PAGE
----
Today we are in Hebrews. An interesting book, I suspect it is actually a sermon. Sometimes it seems to raise its voice and even pound on the pulpit to keep our attention. One of the messages found in Hebrews is certainly to stay awake, stay alert. And the reason for this is the people are living in a state of urgency.

The people who first heard the Hebrews sermon were in danger of dying and that causes some to lose faith. So we get a whole chapter about people who did die but kept the faith. Read chapter eleven, there is a long list of people mentioned as people who kept the faith even as they lost their life. We are reminded there is a dangerous history for those who have walked in faith.

But today we find ourselves in chapter 13, it begins clearly, “love your sisters and brothers…” This sounds ok, we’ve heard it before, it sounds like something Jesus might say. The text goes on to imply that we ought to ”love strangers.” This is a reminder that when we are practicing hospitality we do not pick and choose who the recipient is. This seems to go against societal advice. “Show hospitality to strangers.” While we do not hear that often, we do hear advice like “don’t talk to strangers” and phrases like “stranger danger.” These sayings are not without cause. Many, including children, have been harmed during interaction with strangers. Laws have been made in response to some of these encounters. Do not accept candy from someone you do not know. Do not get too close to an unfamiliar van. We are well aware of the dangers in situations like these.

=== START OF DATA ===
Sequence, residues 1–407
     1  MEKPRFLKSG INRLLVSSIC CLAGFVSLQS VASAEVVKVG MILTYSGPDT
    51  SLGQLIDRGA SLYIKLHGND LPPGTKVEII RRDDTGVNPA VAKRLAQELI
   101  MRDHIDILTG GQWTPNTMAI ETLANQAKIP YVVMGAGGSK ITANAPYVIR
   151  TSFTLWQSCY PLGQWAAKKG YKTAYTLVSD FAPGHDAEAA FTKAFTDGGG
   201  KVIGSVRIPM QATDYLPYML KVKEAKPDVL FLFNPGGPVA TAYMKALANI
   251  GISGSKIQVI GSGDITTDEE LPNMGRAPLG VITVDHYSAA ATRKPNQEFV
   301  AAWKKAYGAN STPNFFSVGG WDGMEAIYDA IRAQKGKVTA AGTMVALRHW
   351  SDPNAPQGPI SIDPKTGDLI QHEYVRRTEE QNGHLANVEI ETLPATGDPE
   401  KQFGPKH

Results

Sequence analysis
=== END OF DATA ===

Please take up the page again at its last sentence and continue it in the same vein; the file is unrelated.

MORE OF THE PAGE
Yet, here we have it, “Do not forget to show hospitality to strangers.” It almost sounds polite. As if the writer of Hebrews says “love your sisters and brothers” and oh, by the way, “don’t forget to show hospitality to strangers.” And then, the text tells us that any stranger out there could be an angel. This is interesting, “some of you have shown hospitality to angels without knowing it.”

Quite frankly, if we are entertaining angels, it is probably best we don’t know about it. Every time one shows up in the bible, someone falls to the ground, someone hides their face, someone becomes afraid. We have to wonder if angels are hideous or intimidating. Yet, Hebrews tells says that some have shown hospitality to them without knowing it. At the very least, this sounds dangerous.